Every year, dozens and dozens of Revolutionary and Civil War battles comprised of hundreds to thousands of people are enthusiastically re-enacted across the country. Substantial money and resources are expended. To “Hard-cores”/ “Progressives,” authenticity is paramount. “There are moments you disappear. Your character takes over.” “FARBS”= Far Off Resembles British, those less committed, are disparaged. Re-enactments may be public or “total immersion,” untainted by observers.
Playwright Talene Monahon spent five years interviewing ersatz soldiers. (Re-enactments can also utilize faux civilians.) It shows. How to Load a Musket, in her subjects’ original words, is so dense with fascinating historical information and range of perspective, it makes one feel as if the material should be read to take it all in.
United by passion for history, fraternity, honor, and catharsis, men invest year after year in these stagings. There are documented cases of women disguising gender to fight, but women outside of civilian roles are rare.
Eight actors play multiple characters coming forward, sometimes jointly, with stories. These include a Spanish woman (Nicole Villamil), an African American playing two people of very different motivation (David J. Cork), a Bostonian (Lucy Taylor), an easy going southerner (Richard Topol) and one whose accent seems from the Bronx (Adam Chanler-Berat.) Also in the cast are Ryan Spahn and Andy Taylor, the latter as a good-old-boy dentist named Larry in whose plastered-wall office the piece is set.
Intermittent blackouts allow those costume/role changes not manifest by taking military jackets and hats off well stocked, evocatively decorated walls by Scenic Designer Lawrence E. Moten III. (Bravo.) Battle sounds rise and fall when appropriate. (Sound Design-Jim Petty)
When there are not enough re-enactors on one side, some switch. “You’re all Americans and you gotta have someone to shoot at.” Others find a niche. “I play George Washington as a real person, with faults.” “It’s a family thing, so I personally chose to fight on the Southern side.” There are web sites, discussion groups, and tours.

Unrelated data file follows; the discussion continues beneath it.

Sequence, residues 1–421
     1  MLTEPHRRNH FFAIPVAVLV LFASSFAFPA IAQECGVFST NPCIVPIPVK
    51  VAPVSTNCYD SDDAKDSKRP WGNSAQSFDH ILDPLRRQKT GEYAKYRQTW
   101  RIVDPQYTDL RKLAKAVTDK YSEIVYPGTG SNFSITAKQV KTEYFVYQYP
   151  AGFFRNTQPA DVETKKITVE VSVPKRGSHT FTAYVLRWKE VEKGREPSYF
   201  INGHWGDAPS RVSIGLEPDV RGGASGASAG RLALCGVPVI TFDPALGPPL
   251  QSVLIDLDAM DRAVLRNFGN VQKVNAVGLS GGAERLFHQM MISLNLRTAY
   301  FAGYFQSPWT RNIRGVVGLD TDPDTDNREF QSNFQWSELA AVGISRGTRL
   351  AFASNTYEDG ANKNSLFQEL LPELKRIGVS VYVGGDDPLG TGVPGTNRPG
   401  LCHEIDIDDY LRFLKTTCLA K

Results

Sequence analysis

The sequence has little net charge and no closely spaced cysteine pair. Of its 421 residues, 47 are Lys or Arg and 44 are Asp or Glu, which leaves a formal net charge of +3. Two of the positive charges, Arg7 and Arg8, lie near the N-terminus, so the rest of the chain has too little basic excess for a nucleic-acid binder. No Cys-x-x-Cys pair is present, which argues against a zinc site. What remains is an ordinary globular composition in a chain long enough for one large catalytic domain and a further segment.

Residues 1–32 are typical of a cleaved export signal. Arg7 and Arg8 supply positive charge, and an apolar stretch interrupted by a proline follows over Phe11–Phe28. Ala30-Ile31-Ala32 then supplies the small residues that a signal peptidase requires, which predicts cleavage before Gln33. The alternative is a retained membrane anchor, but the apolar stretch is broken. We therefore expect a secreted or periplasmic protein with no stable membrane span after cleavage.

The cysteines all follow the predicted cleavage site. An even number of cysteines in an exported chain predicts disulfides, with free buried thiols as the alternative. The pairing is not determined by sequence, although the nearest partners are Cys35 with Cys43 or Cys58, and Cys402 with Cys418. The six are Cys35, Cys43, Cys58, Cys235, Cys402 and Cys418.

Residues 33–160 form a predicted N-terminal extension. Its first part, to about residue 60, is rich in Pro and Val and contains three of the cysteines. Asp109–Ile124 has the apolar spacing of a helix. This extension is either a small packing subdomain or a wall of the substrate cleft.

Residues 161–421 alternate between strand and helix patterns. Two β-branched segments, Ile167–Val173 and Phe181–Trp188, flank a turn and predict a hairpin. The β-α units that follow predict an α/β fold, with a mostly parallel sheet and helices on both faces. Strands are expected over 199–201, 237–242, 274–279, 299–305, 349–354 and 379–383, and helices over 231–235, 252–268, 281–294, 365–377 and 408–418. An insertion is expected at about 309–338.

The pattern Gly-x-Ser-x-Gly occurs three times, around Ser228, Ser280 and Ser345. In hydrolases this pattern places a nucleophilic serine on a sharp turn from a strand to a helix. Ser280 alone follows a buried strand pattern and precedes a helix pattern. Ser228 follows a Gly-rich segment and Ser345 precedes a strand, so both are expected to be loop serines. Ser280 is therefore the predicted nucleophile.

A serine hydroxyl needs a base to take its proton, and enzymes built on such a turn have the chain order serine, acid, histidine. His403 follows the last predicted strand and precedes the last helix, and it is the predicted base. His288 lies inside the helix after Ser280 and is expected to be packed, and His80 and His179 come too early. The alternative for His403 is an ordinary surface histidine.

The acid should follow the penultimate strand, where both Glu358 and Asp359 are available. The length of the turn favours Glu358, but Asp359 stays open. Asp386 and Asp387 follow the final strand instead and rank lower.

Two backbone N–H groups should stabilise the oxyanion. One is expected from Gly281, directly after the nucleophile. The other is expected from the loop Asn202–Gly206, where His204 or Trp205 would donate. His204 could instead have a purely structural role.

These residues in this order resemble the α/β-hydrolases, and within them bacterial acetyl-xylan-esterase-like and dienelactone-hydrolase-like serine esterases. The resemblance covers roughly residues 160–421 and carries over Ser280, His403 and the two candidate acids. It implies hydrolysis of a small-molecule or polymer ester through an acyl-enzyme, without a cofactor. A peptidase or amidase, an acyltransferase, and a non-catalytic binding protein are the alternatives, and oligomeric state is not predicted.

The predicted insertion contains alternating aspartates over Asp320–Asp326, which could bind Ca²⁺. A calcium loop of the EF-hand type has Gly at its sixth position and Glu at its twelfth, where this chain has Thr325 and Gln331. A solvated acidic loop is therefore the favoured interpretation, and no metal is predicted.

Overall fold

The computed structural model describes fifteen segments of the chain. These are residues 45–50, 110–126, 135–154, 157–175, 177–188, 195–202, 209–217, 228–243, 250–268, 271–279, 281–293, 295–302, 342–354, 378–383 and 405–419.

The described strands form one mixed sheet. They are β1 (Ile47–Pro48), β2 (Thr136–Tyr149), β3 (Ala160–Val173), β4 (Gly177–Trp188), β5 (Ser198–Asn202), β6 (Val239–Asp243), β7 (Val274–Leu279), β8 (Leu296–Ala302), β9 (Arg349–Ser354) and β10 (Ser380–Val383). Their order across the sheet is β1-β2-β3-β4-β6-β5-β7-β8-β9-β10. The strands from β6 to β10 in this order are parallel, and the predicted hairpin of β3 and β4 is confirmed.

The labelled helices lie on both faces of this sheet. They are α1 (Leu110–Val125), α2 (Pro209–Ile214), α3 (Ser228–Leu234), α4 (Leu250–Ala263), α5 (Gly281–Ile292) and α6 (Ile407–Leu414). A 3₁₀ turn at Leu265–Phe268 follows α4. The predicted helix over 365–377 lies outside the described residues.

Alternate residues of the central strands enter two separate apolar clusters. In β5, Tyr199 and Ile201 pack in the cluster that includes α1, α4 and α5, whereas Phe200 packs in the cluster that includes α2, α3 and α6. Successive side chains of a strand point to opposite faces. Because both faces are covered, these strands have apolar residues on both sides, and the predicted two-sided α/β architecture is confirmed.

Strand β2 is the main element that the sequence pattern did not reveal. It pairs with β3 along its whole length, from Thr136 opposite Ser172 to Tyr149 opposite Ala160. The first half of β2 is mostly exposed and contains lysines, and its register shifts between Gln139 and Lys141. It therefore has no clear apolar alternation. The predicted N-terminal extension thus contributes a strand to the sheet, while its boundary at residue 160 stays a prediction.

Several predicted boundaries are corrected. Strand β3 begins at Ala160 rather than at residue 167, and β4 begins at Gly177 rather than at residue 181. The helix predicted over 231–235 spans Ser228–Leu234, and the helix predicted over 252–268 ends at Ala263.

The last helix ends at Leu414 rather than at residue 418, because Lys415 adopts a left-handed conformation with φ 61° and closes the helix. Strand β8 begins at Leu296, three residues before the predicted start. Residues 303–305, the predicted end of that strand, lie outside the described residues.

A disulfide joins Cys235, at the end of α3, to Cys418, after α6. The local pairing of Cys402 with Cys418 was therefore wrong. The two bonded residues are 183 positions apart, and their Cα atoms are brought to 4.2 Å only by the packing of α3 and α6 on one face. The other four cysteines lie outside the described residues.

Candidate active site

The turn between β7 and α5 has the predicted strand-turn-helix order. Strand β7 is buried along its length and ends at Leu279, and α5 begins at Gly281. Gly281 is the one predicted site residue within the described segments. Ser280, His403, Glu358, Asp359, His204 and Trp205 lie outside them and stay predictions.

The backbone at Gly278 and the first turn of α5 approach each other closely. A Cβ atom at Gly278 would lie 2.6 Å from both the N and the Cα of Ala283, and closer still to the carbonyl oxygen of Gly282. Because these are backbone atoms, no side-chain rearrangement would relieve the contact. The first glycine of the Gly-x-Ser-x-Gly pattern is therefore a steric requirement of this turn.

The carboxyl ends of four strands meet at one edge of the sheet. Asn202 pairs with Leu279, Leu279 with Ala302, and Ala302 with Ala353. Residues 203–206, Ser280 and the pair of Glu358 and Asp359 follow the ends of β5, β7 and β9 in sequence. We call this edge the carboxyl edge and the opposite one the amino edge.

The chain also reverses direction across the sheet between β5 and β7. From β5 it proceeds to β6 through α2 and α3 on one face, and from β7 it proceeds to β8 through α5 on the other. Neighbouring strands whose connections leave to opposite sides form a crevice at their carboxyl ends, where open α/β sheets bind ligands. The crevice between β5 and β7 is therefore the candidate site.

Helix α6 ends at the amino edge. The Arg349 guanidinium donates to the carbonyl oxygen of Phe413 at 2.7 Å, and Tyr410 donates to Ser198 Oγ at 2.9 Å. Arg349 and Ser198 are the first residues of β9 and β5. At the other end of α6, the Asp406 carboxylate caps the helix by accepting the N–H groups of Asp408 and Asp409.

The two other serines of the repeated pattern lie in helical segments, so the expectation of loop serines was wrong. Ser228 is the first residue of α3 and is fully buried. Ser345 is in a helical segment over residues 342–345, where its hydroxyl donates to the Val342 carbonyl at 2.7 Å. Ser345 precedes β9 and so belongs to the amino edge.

Costumes are copiously researched and reproduced, often by hand. (One is analyzed on stage.) Proudly parading in these outside of battle is common. Events can include historically accurate meals and rough camping. One man got deeply into chocolate and grog. A “Mainstream” subject maintains masquerade only in public, admitting to Monahon the inside of his tent contained modern conveniences.
Participants are taught to load weapons properly. (For the record, though no bullets are used; if you’re close enough injury can occur.) “There are 13 different things you do from half-cocked to firing. A very good soldier could fire four times in a minute.” Actors draw lots for where and when they “take a hit” or get captured. Watching one’s friends fall can be difficult. Buildings are sometimes loosely constructed and burned down to group exhilaration. Guns inevitably come into the conversation. “Now what we got is socialism. We’re being told to give up our weapons.”
“The Confederate Flaggers (one such re-enactment group) erected Confederate flags all across the state. It’s like they’re still fighting the war.” Opinions on relevance to contemporary politics are offered. The Minute Men refused to march at the inauguration. “Maybe that’s why people do it, so they don’t have to deal with what’s currently happening.” “I’m in the army ROTC. What would I have done then? I’d’ve fought for Virginia.”
A black man rails against tearing down Confederate monuments, then says he’s tired of being lumped with racists. “My parents were reformers.” The actor’s alternate role is activist/artist Dread Scott who, in 2019, lead 500 re-enactors on a two day, 26 mile march upriver to New Orleans. The journey marked 1811’s German Coast Uprising intended to free as many slaves as possible. This one ended in cultural celebration. Imagine the disconnect of walking by strip malls, gas stations, and mostly hostile spectators. “It was difficult to get blacks interested in playing ex-slaves.”
Three fourths of the way into Monahan’s script, we’re in a New York subway car with the playwright (Carolyn Braver) revealing her own discomfited conclusions to Scott. “I’m increasingly aware of my own subjectivity.” The entire section feels tacked on. Anything important should have been included in the body of dramatization. Her own revelations might successfully be shared in a program author’s note.
The worthy piece is thoroughly engaging. It illuminates an iconoclastic genre and its relationship to today’s politics. That we’re condemned to repeat our mistakes is a valuable, unspoken theme. Surfeit of histories and detail, however, makes the audience struggle to digest something with another so quick on its heels. Editing is needed.
Actors Carolyn Braver, Lucy Taylor, Richard Topol, and David J. Cork stand out.
Director Jaki Bradley might slow pace to better allow comprehension. There are often too many non-particpating actors on stage. (Were they in the dark, this might better serve.) A wide roster of accents work, but personas played by Chanler-Beret and Spahn distractingly sound as if they have emphysema. Explain this to me.
Photos by Russ Rowland